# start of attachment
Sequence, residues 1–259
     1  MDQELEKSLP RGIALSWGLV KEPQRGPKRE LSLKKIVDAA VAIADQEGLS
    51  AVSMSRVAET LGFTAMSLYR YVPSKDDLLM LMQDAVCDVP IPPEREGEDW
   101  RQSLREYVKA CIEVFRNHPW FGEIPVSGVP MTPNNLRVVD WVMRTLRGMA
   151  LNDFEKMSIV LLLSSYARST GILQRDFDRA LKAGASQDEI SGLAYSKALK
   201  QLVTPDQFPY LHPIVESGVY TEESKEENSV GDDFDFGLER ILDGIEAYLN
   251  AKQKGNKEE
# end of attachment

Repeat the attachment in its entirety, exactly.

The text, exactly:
Sequence, residues 1–259
     1  MDQELEKSLP RGIALSWGLV KEPQRGPKRE LSLKKIVDAA VAIADQEGLS
    51  AVSMSRVAET LGFTAMSLYR YVPSKDDLLM LMQDAVCDVP IPPEREGEDW
   101  RQSLREYVKA CIEVFRNHPW FGEIPVSGVP MTPNNLRVVD WVMRTLRGMA
   151  LNDFEKMSIV LLLSSYARST GILQRDFDRA LKAGASQDEI SGLAYSKALK
   201  QLVTPDQFPY LHPIVESGVY TEESKEENSV GDDFDFGLER ILDGIEAYLN
   251  AKQKGNKEE